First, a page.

The NDP won election in Saskatchewan in 1991. They were re-elected in 1995 - 1999 and 2003. The people of Saskatchewan gave them the privilege of 16 years in government.
By any political standard, the Saskatchewan NDP had a ‘pretty good run’ and can hold their heads high after the most recent election. Some pundits had predicted that the NDP would be completely wiped out or would have seats in the single digits. Not so! The people of Saskatchewan created a strong Official Opposition by giving New Democrats 20 seats out of 58.
The New Democrats now have a unique opportunity for renewal, refreshment and rebuilding. It is time to get out the brooms and to begin the process of cleaning some of the cobwebs out of the Caucus and the party establishment.
This should be seen as an exciting time for all New Democrats but as is normal in human affairs, there will be a small group of entrenched party members who will want no part of any necessary house cleaning.
This is a unique time for New Democrats. For youth in the Party it should be an exciting time. But for those whose greatest living political moment was the defeat of the Grant Devine government in 1991, there will be resistance to change.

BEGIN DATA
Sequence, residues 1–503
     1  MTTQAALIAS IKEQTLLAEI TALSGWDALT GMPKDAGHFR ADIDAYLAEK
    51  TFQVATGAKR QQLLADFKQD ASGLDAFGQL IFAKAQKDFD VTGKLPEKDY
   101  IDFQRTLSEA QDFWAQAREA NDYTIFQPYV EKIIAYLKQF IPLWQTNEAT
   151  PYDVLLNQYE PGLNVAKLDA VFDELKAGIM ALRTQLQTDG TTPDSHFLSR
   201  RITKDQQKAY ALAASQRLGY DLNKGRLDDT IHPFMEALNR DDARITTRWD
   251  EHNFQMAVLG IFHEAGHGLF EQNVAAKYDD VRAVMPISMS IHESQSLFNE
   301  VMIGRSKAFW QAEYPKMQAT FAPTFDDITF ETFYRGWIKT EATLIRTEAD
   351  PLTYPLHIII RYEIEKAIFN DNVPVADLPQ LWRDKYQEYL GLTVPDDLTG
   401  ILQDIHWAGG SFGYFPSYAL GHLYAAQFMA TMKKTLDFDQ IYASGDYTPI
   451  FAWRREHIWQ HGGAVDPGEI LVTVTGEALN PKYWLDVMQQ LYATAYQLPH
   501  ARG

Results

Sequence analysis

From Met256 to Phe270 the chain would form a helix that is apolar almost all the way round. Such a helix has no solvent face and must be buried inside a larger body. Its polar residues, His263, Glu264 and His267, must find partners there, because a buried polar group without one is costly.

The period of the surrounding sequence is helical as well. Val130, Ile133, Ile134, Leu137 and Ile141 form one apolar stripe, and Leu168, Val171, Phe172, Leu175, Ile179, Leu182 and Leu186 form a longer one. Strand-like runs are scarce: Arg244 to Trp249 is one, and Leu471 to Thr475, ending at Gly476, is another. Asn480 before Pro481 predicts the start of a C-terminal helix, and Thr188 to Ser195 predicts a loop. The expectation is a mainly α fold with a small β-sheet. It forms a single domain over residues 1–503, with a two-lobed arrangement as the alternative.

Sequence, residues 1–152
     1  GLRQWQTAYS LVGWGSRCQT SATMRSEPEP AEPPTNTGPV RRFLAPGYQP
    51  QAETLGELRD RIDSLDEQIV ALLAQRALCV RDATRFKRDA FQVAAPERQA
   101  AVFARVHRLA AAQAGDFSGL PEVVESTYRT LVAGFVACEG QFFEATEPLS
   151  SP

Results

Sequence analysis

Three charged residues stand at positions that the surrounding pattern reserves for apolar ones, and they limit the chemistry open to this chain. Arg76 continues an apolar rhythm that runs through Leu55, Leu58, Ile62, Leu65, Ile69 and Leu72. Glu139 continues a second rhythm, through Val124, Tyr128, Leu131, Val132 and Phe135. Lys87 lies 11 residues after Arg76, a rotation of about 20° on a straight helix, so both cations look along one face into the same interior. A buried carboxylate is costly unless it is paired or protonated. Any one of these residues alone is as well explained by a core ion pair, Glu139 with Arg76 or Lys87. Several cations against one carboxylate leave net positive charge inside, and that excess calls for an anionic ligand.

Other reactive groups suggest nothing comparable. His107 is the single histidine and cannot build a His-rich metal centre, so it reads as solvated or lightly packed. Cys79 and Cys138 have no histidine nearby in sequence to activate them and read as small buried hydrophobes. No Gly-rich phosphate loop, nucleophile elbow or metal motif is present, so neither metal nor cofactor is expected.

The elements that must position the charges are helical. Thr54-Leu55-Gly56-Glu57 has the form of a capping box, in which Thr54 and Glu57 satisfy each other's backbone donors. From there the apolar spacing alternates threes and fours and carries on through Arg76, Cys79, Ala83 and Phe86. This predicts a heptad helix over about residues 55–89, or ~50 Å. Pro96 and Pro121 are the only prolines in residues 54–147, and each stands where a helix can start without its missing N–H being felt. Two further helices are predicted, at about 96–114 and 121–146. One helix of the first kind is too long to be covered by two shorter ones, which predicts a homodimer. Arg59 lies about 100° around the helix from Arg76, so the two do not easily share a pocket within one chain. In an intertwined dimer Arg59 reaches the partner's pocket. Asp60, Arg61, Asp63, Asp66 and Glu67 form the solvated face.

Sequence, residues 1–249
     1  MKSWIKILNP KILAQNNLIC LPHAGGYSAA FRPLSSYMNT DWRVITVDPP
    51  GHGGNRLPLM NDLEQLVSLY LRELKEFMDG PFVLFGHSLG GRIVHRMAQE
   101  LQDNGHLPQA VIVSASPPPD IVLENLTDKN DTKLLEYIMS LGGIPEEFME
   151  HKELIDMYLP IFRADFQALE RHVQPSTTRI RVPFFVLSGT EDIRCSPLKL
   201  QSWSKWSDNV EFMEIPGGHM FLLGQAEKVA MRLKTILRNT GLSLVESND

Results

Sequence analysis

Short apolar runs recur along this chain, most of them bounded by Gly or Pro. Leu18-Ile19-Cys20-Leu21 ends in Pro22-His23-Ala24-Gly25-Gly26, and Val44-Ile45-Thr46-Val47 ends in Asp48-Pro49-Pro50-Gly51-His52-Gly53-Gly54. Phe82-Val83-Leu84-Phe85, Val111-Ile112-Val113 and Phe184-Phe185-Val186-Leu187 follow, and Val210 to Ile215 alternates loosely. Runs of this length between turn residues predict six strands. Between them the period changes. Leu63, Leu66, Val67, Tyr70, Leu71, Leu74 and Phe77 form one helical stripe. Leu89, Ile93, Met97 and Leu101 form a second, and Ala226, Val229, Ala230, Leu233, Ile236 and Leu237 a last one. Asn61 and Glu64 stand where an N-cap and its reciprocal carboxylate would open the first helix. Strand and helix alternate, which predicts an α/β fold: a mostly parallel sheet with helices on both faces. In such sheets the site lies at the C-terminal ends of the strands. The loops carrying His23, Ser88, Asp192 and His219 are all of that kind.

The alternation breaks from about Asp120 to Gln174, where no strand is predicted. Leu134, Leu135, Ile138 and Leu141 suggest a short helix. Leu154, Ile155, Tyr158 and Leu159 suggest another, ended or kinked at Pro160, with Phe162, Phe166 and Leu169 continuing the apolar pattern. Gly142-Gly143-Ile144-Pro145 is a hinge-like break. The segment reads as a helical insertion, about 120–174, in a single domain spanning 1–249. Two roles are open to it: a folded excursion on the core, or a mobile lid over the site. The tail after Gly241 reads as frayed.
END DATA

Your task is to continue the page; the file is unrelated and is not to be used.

This will be a very interesting and exciting time in the Party. It is time for renewal. It is time for a new generation of party members and MLA’s to rise to the top.
Some very competent new MLA’s were elected in November and first off the mark was Prince Albert NDP MLA, Darcy Furber, who shone in the very first Question Period of the new legislature by taking the Saskatchewan Party government to task for ripping up a deal to re-open the P. A. Pulp Mill.
There is new blood in the Caucus and there is new blood in the party. The problem for renewal is the aging Baby Boom demographic who tend to think that at 58 years of age they are still pretty hip, slick and cool!
It is time for renewal. The New Democratic Party of Saskatchewan has a duty to the province, to commence the renewal of policy and personnel.